MOST HOLLYWOOD MEMOIRS, barely worth writing about or discussing, sell simply because a celebrity (ostensibly) wrote them. The stars are players in their personal narratives both public and fictional. These books are usually tossed aside and forgotten. So it may not be a big deal if the stories within are BS. But the blacklist created its own nuclear winter from which the fallout has not completely cleared and heads still spin when it comes to explaining or understanding what happened in the entertainment industry during the McCarthy era. Real or accused dead Commies of Beverly Hills must be rolling over in their collective grave as, under the muddy banner of memoir, I Am Spartacus!: Making a Film, Breaking the Blacklist by Kirk Douglas paints a fictional and self-aggrandizing presentation of his actions during the making of that celebrated movie. Many producers, directors and stars of the fifties would not work with blacklisted talent and movie studios forced all employees to sign loyalty oaths throughout the period. The moral high ground of that time was a lofty and perilous place and idealists courageously carved a difficult path. The most talented blacklisted screenwriters, like Dalton Trumbo, were able to work under the table using fronts. Some survived the McCarthy era but not without bankruptcies, divorces, suicides, or any number of other long-time heartaches. Hollywood does that to people even on a good day, but the children of the children of those who named names, or of those who went to jail because they would not, continue to suffer from losses their families incurred.
“In the room” — in Hollywood meetings — creatives trade in fantasy. The execs, the writers, directors, and producers lubricate the business process with their fanciful concepts. Nobody calls them lies “in the room,” but in show biz meetings people make things up to move a project forward even an inch. Kirk Douglas, Hollywood fixture and veteran of the dream factory, uses this same methodology in his memoir to questionable effect and carries that ethos to historical events — to real-world matters — which doesn’t work as well.
Burnished dimple forward, Douglas sets forth a version of events placing himself at the center of the story as both star and protagonist in the breaking of the blacklist and promoting himself to a somewhat undeserved place there when in fact his role in these matters may actually have been less than central. Nevertheless, he has accepted standing ovations in media appearances, on television and in motion picture theaters, “humbly” taking credit for acts of political valor, treating the world as his “room” while on tour with the book since its publication this year.
The kernel of the book’s trajectory is this: Dalton Trumbo, once the highest paid screenwriter in Hollywood, was unable to receive screen credit during the McCarthy decade as one of those who refused to name names in front of the House Un-American Activities Committee. He worked for lower pay, using fronts in his contracts and fake names in his screen credits. He won a Best Original Screenplay Oscar for The Brave One in 1957 under the name Robert Rich. During this period of his long and successful career, Dalton Trumbo was hired by producer Edward Lewis to write the script for Spartacus.
While writing about Trumbo and Spartacus, Douglas takes on major players of film history who are no longer living and cannot answer for themselves. It may be true that Tony Curtis was having an affair with Mamie Van Doren during the making of Spartacus. Perhaps Larry Olivier was suffering from marital difficulties with Vivien Leigh. Douglas’s verbatim conversations with Frank Sinatra may have occurred as presented on the page. It may also be fact that it was Kirk Douglas himself who convinced Jean Simmons to remove her bra during an outdoor bathing scene in the film. We will never know. And there will probably not be any serious historic exploration of these events. In the tradition of Hollywood memoir, these stories play well; they serve their purpose, upholding the expected aura. Employed in the presentation of the section of the book in which (during a meeting with producer Lewis and Douglas) Stanley Kubrick supposedly volunteers to take writing credit on Spartacus as a solution for the “problem” of blacklisted writer Dalton Trumbo having written the script, the Hollywood “memoir” style ethos fares less well.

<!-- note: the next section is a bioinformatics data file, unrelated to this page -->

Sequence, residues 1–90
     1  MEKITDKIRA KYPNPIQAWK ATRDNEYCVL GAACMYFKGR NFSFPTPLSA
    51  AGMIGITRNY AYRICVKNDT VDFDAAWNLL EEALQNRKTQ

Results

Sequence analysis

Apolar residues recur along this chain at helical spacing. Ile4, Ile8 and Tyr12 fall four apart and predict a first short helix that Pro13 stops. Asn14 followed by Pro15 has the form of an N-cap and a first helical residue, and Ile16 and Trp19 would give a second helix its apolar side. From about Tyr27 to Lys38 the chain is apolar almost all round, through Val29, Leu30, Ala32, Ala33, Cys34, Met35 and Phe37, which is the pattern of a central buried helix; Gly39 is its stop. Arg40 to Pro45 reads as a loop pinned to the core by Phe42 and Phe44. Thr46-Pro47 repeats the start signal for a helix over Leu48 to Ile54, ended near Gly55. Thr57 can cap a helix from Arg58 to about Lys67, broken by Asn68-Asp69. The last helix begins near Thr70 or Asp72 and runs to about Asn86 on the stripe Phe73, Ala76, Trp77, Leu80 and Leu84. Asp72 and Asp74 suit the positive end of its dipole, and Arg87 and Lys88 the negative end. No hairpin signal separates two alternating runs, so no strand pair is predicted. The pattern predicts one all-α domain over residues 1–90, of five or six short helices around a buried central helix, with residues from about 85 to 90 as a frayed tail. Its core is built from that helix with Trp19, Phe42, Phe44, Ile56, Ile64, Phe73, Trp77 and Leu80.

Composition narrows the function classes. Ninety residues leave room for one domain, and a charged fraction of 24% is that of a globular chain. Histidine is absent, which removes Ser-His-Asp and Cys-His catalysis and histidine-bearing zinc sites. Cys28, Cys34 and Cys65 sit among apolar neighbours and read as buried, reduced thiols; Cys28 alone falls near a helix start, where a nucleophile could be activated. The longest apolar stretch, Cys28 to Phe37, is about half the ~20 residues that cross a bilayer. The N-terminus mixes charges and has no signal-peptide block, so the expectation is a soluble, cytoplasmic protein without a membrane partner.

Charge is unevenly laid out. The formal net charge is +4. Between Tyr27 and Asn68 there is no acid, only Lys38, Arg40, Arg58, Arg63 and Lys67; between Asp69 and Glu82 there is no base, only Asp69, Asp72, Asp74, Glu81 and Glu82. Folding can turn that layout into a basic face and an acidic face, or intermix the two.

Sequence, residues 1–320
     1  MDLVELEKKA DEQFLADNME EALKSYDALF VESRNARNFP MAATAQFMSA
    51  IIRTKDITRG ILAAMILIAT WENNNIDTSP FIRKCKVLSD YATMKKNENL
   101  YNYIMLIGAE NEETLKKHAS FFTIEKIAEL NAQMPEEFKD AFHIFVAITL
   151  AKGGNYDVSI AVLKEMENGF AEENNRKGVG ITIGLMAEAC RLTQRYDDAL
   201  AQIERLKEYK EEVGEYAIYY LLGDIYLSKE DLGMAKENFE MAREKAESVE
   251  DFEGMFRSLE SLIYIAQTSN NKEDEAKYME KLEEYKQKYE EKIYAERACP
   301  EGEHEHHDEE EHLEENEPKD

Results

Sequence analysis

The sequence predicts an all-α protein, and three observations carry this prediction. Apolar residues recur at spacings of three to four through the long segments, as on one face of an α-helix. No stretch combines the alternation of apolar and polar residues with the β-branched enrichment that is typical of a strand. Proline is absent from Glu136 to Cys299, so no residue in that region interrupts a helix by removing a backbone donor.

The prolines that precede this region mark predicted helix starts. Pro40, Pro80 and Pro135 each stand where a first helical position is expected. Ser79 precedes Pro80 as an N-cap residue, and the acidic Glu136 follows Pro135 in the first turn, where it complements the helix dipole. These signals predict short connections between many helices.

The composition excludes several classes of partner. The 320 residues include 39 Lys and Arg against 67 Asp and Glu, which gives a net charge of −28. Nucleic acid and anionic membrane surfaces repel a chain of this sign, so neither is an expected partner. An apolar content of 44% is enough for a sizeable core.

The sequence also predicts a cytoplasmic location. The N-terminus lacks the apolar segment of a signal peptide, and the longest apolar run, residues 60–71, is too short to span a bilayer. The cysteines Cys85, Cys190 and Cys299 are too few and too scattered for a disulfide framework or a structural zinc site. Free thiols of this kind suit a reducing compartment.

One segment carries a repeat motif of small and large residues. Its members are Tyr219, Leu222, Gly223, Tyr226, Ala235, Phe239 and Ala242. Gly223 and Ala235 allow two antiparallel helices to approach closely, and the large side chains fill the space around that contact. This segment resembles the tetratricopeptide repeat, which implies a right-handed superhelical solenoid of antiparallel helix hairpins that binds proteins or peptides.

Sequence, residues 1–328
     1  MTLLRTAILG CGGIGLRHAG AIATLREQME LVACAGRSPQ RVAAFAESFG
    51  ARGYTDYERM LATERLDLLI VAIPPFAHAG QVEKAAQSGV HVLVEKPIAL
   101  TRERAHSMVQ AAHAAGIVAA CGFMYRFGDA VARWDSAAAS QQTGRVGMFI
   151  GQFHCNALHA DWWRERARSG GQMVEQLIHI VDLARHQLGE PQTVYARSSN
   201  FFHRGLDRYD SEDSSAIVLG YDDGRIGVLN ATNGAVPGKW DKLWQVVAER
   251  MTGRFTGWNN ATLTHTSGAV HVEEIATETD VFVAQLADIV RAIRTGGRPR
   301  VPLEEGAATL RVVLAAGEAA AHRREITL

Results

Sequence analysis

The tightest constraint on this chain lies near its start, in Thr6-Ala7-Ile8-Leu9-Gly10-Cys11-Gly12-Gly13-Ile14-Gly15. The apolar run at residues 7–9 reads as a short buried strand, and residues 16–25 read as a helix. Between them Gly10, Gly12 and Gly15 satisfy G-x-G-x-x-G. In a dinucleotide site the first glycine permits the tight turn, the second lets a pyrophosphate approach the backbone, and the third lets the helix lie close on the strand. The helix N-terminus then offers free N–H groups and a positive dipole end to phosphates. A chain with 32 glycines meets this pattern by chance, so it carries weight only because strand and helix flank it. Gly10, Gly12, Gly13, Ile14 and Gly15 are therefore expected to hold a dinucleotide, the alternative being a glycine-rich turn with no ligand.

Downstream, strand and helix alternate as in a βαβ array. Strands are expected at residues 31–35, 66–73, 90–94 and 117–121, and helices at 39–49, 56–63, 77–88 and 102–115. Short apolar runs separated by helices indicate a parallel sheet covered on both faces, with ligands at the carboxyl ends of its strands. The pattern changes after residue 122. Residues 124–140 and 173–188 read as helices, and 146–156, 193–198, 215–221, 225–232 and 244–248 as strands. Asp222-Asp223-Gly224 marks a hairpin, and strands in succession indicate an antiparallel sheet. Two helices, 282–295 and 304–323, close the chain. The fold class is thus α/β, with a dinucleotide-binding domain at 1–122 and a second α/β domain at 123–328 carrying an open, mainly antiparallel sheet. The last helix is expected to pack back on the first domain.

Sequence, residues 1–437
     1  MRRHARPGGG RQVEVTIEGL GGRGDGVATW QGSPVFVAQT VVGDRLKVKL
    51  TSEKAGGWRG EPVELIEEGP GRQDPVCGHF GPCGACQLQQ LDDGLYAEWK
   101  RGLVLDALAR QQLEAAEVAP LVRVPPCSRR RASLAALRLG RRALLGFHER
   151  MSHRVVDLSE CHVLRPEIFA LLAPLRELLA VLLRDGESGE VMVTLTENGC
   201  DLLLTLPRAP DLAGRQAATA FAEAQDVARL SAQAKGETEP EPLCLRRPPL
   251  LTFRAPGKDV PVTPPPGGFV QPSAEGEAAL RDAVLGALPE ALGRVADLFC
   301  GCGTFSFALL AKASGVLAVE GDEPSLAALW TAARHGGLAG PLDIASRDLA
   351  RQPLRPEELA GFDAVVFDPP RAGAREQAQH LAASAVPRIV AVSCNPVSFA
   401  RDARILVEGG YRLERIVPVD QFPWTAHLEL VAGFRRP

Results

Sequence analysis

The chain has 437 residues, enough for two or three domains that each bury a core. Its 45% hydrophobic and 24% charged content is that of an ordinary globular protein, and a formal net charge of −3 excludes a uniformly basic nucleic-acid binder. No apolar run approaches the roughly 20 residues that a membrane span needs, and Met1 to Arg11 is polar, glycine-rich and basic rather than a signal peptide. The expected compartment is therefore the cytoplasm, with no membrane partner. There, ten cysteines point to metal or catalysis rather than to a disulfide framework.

There are others of Douglas’s generation, still very much alive, with personal knowledge of the events surrounding the production of the film, who may have more than “creative differences” with his presentation. Take, for example, the aforementioned producer of Spartacus, Edward Lewis, who was asked repeatedly by Douglas to help him document a version of events which departed from Lewis’s own recollection of what happened during the making of the film. According to Edward Lewis, the meeting between Douglas, Lewis, and Kubrick never took place and Kubrick never suggested taking writing credit on the film. Lewis had his own name on the script before production began and he refused to take screen credit on the released film. Lewis has stated that Dalton Trumbo repeatedly requested that his own name be placed on the list of credits to be submitted to the studio. Lewis did as asked. Eventually, Kirk Douglas signed off on this along with the head of the studio. Contrary to what Kirk Douglas alleges in his book, others have said that Douglas did not hire Dalton Trumbo to write Spartacus. Kirk Douglas’s company, Bryna, produced the film and Douglas is listed as Executive Producer in the credits but Edward Lewis has stated that he (Lewis) hired Trumbo and that Kirk Douglas also did not personally enlist Lawrence Oliver, Charles Laughton, and Peter Ustinov to appear in the film. Douglas’s agents and producer Lewis himself accomplished these tasks.
Perhaps most outrageously, Douglas claims that the famed “I am Spartacus” scene from the film was his idea and that he personally presented the scene concept to Stanley Kubrick, who did not want to shoot it. Douglas embellishes his description of his dispute with Kubrick over the scene with highly theatrical details. According to Douglas, he was on horseback, forcing the nose of his horse into Kubrick’s face as he implored him to accept and shoot the famed “I Am Spartacus” scene. In fact, according to Trumbo’s family and producer Lewis, Dalton Trumbo wrote the scene as a result of a set of notes Trumbo drew up after viewing a rough cut of the film. His goal was to emphasize the characters and conflicts of the slaves throughout. Douglas also claims that Dalton Trumbo lunched with him at the Universal commissary, that Trumbo disguised himself to attend a rough cut screening of the film at the studio and that Laurence Olivier dined at Trumbo’s home. Trumbo’s family is certain that these scenes from Douglas’ memoir never actually took place either.